Gun Sales Soar In California Amid Coronavirus Pandemic

So many things have been happening amid the coronavirus pandemic. There have been protests for the Black Lives Matter movement. Some states have started to ease lockdowns and slowly reopened their businesses. And now there’s word that gun sales in California have witnessed a surge during the global health crisis.

According to The Mercury News, about 164,000 background checks for gun purchases were made in March. That’s a 72% increase compared to the background checks done the month prior. It’s also regarded as one of the highest months in the past 20 years.

Based on the data obtained by authorities, this level of background checks is almost up to par with the number of checks made during the pre-presidential election in 2016. Apparently, there’s always been a spike in firearm sales every presidential election because people fear that the new administration would make it difficult for them to obtain guns.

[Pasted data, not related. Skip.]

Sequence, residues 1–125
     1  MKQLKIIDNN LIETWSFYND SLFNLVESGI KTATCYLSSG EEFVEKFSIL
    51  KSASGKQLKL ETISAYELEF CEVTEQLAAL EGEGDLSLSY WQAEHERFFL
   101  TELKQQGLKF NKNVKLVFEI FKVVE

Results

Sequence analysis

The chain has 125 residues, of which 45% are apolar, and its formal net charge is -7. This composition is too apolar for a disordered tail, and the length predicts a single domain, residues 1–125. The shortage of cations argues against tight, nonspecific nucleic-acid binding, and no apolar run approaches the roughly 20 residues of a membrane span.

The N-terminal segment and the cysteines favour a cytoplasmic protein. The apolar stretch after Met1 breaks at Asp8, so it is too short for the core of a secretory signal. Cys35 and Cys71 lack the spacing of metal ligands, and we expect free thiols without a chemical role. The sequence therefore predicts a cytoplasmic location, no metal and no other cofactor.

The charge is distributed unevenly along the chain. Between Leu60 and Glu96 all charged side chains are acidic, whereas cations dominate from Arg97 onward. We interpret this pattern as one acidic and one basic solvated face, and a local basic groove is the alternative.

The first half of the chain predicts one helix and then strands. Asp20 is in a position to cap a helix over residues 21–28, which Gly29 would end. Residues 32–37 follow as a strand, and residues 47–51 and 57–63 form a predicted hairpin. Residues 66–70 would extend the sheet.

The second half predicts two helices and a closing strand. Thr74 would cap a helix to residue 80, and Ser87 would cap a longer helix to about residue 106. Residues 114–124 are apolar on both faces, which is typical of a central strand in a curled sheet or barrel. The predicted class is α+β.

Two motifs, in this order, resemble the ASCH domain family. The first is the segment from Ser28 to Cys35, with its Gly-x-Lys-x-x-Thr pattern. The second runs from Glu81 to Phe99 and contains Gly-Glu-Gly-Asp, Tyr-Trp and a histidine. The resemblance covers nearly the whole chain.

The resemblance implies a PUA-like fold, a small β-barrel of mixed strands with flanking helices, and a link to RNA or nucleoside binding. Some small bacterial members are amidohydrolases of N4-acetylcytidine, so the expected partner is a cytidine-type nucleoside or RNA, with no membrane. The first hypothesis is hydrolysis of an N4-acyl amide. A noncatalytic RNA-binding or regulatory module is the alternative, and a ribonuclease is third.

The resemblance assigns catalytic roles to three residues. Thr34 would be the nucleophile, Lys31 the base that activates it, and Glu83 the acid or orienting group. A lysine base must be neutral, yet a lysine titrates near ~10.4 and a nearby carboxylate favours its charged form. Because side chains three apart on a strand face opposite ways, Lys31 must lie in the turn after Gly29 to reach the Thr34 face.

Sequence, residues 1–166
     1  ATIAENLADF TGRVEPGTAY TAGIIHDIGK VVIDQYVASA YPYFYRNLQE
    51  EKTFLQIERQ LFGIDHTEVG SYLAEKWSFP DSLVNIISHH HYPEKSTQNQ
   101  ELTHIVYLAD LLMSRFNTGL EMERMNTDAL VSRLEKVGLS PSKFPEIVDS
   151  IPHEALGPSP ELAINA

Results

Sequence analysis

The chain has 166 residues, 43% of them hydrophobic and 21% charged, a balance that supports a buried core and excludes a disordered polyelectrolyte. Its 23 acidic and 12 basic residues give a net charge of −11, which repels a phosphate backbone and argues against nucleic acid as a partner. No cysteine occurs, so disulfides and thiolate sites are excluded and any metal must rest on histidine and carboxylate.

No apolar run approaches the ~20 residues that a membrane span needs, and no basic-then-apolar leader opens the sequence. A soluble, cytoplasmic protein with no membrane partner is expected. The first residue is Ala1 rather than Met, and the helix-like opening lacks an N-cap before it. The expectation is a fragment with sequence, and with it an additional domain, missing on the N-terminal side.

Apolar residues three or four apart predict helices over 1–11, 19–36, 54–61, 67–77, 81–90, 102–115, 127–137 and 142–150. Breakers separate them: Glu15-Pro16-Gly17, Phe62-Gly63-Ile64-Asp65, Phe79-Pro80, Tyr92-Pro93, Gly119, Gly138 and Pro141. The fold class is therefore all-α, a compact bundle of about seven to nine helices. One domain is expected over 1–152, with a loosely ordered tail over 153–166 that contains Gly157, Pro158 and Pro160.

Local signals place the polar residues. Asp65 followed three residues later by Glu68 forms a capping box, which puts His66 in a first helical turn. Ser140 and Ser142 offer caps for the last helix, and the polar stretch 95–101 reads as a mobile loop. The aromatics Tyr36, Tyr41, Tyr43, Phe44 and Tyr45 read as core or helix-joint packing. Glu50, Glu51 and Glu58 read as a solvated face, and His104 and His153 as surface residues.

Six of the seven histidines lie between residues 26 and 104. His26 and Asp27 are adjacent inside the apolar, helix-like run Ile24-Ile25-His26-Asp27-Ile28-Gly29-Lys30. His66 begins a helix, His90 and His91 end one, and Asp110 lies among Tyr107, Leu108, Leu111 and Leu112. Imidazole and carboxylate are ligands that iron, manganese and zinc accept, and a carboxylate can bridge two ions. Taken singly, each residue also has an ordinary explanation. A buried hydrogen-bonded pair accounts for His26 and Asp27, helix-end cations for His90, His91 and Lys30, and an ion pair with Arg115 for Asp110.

Interestingly, it’s not only California that saw an increase in gun sales. Michigan, Texas, Arizona, Rhode Island, New Hampshire and other states have also witnessed over 90% one-year increase in gun sales. Experts believe that the increase was mostly fueled by the COVID-19 pandemic.

The news comes months after Congress quietly allowed the Centers for Disease Control and Prevention to conduct a research on gun violence without providing new funding for the endeavor.

A separate study showed the risk of suicide of non-gun owners and new gun owners in California. The study found that during a 12-year period, male gun owners had a 3.34 times higher rate of suicide than males who were non-gun owners. On the other hand, female gun owners had a suicide rate that’s 7.16 times higher than those who did not own firearms.

Depression has been a big issue during the pandemic as more people were stuck at home and could not physically socialize with others. Strong emotions also tend to build up as many people feel isolated and lonely during the coronavirus crisis and amid the social distancing orders.

Though there is still no concrete evidence to show that the spike in gun sales is somewhat related to the rise in depression cases, authorities advise that people should assess or reach out to a depressed person if that person recently made a gun purchase or has the intent to buy one.

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Violent crime like burglaries and assault spike in the summer. Pixabay